Theorising digital media cultures: The politics of watching and being watched This chapter explores some of the key political and rights issues pertinent to the production, consumption, and use of media in the digital era. This entails conceptualising the ontology of digitised media as serving different ends as a relation of visibility, a type of commodity, and a mode of power. With this in mind, I cogitate on whether a privacy framework is an adequate (or desirable) legal and moral device for regulating and protecting the vast flows of personal information being leaked or expelled into the surrounding ‘digital enclosure’ as people move, talk, converse, play, and act. Contrary to popular and conventional beliefs, I wish to contend that traditional privacy ideas/ideals are becoming increasingly obsolete in an age of mass data emissions and transmissions, and in a culture permeated by digital companionship and practices of self-revelation. Instead, I suggest a more fruitful regulatory and rights approach might focus on (a) further educating data barons, bankers, profilers, and sharers about the meanings, fallibilities, and harmfulness of data (what I call, the social life of data) as it flows from context to context, and (b) decolonising the technological infrastructures from state-corporate monopolies. I then identify key areas of research that require interdisciplinary attention if we are to better understand the complex meanings of contemporary media practices and experiences, and develop a set of protections that are fit for purpose in a point of history where we find ourselves progressively looking and being looked at through a screen.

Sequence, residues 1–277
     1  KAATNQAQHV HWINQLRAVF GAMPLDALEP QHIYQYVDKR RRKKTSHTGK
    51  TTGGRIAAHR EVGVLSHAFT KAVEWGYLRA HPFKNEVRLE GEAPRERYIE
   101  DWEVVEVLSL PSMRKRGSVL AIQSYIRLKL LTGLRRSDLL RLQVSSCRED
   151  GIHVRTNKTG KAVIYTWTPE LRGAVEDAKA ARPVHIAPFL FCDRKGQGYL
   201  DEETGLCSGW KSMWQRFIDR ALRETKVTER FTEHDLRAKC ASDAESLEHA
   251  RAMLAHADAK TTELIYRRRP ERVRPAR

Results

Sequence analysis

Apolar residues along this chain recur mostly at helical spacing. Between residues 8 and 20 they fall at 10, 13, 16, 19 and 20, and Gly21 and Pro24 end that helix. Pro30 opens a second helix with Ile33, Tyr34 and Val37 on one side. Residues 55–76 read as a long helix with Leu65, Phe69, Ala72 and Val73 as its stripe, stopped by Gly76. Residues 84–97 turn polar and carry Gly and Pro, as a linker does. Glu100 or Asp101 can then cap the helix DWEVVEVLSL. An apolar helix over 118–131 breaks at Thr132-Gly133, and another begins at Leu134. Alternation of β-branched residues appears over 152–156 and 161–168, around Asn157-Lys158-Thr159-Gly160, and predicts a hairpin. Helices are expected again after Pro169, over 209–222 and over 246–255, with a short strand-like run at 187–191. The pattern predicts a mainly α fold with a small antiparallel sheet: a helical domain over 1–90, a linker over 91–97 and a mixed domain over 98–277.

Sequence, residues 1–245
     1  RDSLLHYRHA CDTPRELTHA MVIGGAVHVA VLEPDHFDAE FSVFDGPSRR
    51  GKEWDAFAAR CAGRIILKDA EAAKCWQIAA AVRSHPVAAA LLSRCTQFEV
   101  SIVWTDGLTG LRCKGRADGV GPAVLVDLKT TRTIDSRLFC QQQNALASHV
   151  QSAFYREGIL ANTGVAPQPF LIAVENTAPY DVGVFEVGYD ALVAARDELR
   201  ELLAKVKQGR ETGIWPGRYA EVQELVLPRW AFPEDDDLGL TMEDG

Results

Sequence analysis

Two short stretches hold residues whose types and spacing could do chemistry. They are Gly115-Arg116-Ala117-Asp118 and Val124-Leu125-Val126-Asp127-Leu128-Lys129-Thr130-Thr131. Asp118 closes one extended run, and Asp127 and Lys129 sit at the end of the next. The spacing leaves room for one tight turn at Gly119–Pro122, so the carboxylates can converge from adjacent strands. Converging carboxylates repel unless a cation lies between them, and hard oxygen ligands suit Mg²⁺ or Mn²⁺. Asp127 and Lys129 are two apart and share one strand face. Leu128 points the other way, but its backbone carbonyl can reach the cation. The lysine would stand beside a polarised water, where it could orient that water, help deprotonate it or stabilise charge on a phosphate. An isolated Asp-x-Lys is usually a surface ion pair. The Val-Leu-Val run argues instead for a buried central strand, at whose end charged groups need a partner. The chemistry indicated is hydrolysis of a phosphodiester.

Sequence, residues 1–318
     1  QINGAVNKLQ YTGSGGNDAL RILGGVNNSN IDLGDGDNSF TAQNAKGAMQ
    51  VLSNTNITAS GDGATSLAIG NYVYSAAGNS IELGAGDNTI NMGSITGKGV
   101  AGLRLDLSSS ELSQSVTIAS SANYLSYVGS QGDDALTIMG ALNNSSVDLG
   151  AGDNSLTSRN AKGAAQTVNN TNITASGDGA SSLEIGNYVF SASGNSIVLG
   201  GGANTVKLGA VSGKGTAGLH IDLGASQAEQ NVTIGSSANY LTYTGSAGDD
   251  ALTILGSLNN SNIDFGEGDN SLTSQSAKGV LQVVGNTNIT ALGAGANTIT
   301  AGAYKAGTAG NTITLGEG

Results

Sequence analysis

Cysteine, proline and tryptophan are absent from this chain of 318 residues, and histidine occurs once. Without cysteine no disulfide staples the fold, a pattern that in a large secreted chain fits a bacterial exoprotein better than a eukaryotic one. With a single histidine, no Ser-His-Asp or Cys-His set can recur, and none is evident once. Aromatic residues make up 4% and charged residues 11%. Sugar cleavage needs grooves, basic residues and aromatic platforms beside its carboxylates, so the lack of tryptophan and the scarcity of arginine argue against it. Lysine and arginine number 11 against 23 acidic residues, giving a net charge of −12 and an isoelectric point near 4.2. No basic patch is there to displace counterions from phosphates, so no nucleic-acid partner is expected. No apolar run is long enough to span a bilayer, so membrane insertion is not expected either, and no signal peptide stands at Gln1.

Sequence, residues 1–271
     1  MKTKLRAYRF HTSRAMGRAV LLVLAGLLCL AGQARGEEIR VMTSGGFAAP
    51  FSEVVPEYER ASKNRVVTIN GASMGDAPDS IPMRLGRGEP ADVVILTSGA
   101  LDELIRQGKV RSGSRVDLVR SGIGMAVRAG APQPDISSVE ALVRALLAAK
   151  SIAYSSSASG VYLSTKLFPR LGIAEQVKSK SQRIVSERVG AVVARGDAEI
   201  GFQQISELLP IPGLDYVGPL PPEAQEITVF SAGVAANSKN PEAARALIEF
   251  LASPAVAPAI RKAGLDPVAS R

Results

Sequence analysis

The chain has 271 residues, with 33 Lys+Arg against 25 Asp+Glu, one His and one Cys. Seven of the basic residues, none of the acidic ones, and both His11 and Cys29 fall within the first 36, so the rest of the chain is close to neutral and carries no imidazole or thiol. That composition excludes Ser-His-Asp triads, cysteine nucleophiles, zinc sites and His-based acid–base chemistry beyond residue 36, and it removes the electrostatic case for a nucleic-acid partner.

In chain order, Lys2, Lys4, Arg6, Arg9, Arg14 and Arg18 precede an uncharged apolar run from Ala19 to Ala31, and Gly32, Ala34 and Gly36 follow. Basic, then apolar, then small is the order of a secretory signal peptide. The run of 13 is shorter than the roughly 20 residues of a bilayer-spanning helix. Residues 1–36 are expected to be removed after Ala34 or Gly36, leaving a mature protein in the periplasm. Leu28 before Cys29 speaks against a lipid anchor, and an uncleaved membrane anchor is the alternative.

Smith, GJD (2017) Theorising digital media cultures: The politics of watching and being watched. In Tumber, H and Waisbord, S (eds) The Routledge Companion to Media and Human Rights. Abingdon, Oxon: Routledge, pp.126-135.



Fields of Research

  • Social Theory
  • Sociology And Social Studies Of Science And Technology

Updated:  01 October 2023 / Responsible Officer:  Director (Research Services Division) / Page Contact:  Researchers